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This latest article in our series on the HMT Thematic Review summarises the possible issues with implementation across the UK central government’s varied property portfolio.

It follows on from Gary Howes’ initial article on how HMT changes could impact the healthcare sector, including healthcare trusts.

HMT have been reviewing all the responses to their Consultation Paper, which closed on 18th May. The paper set out proposed changes to the way public sector non-investment assets are valued and subsequently prepared for financial reporting purposes. HMT proposed that historic (deemed) cost accounting would be used for specialised property assets except for networked assets. For non-specialised properties, Existing Use Value would be phased out in favour of Fair Value.


Specialised property is a prominent feature within the UK central government estate; schools are 50% of the estate by floor area, defence 20%, health 18.5% and prisons 3.6%, with non-specialised offices ranked fifth of the twelve property categories at 2.9%. (Source – State of the Estate 2020.21). This means that most of the c.157m m2 of the central government estate would be directly impacted by the proposed HMT changes.


It is fair to say that HMT has valid concerns about the assumptions used in Depreciated Replacement Cost (DRC) valuations for specialised properties. DRC is based on the service potential of properties, but any surplus land may be disregarded if it is not deemed specifically surplus to requirements. For example, for any large legacy schools that are assessed as being under capacity, the service potential needed to meet the valuation assumptions may only be a small part of the land and buildings. Users of government accounts cannot, therefore, establish what could be potentially a surplus, how much this would sell for in the open market, and whether it is capable of sub-division from the retained school.

HMT want to ensure a ‘true and fair’ view of the UK government’s estate position while at the same time considering ‘value for money’ in the cost of preparing accounts. While the proposed changes may address ‘value for money’ concerns, there is widespread scepticism about whether ‘historic (deemed) cost’ provides end users with visibility over the measurement of specialised assets and whether they are an accurate reflection of service potential or operational capacity.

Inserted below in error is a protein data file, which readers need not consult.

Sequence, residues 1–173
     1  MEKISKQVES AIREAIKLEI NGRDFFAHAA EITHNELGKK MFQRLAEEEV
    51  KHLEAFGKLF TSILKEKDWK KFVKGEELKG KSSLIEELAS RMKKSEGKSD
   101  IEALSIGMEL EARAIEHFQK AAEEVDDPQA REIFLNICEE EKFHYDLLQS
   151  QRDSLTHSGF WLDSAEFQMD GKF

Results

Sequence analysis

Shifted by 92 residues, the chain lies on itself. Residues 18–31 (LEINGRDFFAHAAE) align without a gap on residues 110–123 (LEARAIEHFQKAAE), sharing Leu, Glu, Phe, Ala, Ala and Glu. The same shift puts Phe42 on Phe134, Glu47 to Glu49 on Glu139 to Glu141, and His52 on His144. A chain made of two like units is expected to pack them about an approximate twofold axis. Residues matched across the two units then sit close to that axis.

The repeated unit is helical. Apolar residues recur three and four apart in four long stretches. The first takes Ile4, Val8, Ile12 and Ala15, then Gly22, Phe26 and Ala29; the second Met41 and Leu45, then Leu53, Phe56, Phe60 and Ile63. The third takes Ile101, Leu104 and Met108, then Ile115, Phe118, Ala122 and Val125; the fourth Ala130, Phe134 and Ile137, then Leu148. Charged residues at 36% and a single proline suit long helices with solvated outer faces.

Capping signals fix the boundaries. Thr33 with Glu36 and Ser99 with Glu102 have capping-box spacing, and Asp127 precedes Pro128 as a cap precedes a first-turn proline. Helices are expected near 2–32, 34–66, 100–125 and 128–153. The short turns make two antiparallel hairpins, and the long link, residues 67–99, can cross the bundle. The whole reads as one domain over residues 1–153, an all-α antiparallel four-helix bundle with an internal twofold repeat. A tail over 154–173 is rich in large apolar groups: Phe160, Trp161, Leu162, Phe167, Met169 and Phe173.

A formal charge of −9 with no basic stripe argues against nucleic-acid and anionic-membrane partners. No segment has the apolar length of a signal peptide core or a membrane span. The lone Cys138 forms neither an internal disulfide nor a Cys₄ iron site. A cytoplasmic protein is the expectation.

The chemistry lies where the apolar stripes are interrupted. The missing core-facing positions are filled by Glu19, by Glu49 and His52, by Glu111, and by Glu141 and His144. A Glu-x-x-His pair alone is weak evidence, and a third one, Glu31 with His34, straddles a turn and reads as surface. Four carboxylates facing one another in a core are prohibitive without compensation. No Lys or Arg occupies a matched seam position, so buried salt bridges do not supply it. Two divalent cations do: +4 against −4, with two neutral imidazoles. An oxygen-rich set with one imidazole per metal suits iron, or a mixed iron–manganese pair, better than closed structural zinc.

There are a variety of concerns about the application of ‘historic (deemed) cost’ for specialised property. We have summarised three key issues below, with a focus on schools due to the variability of their service potential:

  1. Historic cost still does not solve the issue of identifying and quantifying surplus elements. In any case, on the transition to HMT’s proposed methodology, the ‘historic (deemed) cost’ is likely to be the DRC value at that point. This means that many of the issues with DRC will be inherited by the new historic cost approach at the start.
  2. There will have to be close monitoring of property spending with judgements on what adds to the historic cost (say, an extension) and what does not (e.g. day-to-day maintenance). Even if the cost is correctly allocated to an extension, in our experience, the amount spent on a new extension does not necessarily translate into the same amount of added asset value. This is particularly the case where some costs do not relate to the physical building, such as decanting staff/pupils from space whilst works are undertaken.
  3. DRC can adapt to the reduction in the service potential of schools by derecognising individual buildings impacted by inherent defects such as RAAC. For schools that have a low pupil roll relative to capacity, there might not be any impact on value as the service potential of the school can satisfied through the remaining buildings on site. For a smaller school that is over capacity, the impact of RAAC will be higher, with the economic life of the school adjusted accordingly. This ability to adjust the depreciation depending on impact is not possible with the proposed historic cost methodology.


HMT has the challenging task of balancing ‘value for money’ with ‘true and fair’ accounts. It is important that those involved in the valuation of central government property estate closely monitor any announcements from HMT HERE and in the wider media.

Should there be changes to HMT’s proposals or delays to publication and implementation, contracts with external valuers will need to build in enough flexibility. If there are no delays to implementation, finance teams are likely to have a requirement for significantly more DRC valuations prior to the 2025 transition. If these valuation demands are not anticipated, there might not be the resources with the right level of expertise to cover the increased valuation volumes in view of their highly specialised nature, and this may lead to issues with auditors and finalising accounts.


healthcare, insight, central government